Organise a coffee catch-up or breakfast meeting once in a while to break the monotony.

Zarina Holmes is a Creative Director and Founder of GLUE Studio.
linkedin.com/in/zarinaholmes

How to brief a designer

Musings from creative wilderness by Zarina Holmes

Designers are simple people. They are never short of imagination and enthusiasm, but what they really appreciate is a clear instruction. That is the job brief.

On the outside, designers seem like carefree coffee-drinking lot. Secretly, they relish in being organised. I don’t know one designer that doesn’t put label on things or not fascinated by a Muji storage.

When you hire a designer, you are not simply hiring someone to make your brand pretty. You are hiring a right hand. A weapon wielder to execute your strategy if you like, to communicate persuasively with your target audience and solve the messaging issues that your brand may have.

When you hire a designer, you are not simply hiring someone to make your brand pretty. You are hiring a right hand.

It’s important for designers to buy into your vision to champion it. You need to explain that story by writing a good job brief.

So, what’s a good job brief? Most of it is common sense – to include details such as budget, project duration, timeline, background, objective and desired result.

Be organised. Because you can’t score without a goal.

You’d be surprised how many jobs that landed on my desk without a clear timeline and objective. In my opinion, if a job hasn’t got clear a deadline or objective, it’s not ready to be passed on to the creative team.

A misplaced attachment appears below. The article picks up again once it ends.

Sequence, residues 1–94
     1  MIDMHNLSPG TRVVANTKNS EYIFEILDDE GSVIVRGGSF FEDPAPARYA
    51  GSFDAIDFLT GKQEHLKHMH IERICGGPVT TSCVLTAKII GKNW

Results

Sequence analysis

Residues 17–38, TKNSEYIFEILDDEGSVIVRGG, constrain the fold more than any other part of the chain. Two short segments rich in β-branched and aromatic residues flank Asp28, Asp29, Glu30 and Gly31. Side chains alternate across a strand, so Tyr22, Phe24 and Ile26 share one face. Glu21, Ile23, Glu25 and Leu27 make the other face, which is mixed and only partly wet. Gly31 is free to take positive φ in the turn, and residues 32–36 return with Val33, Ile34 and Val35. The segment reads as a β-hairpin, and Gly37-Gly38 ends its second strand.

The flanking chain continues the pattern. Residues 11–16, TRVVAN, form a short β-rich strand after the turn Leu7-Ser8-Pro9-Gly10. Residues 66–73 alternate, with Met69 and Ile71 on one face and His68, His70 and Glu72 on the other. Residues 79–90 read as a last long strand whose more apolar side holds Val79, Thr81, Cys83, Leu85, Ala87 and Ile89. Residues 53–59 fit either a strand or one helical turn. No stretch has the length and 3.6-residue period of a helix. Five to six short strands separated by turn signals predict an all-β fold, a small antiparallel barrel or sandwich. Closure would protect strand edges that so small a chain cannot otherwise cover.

Some two decades ago when I started out in an ad agency – before project management platforms like Trello existed – the Creative Director will not accept a “job bag” unless it had a job number. Why? If hasn’t got a job a number, it means that the Account Executive hasn’t done his/her homework. It’s not filed properly. The job bag was literally a brown envelope stuffed with artworks and related research materials for the creative. These days it could be a Google drive or any cloud folders.

If a job hasn’t got clear a deadline or objective, it’s not ready to be passed on to the creative team.

Please take some time to gather your thoughts first. Get the relevant team members to agree on the brief before commissioning.

Zarina Holmes is a Creative Director and Founder of GLUE Studio.
linkedin.com/in/zarinaholmes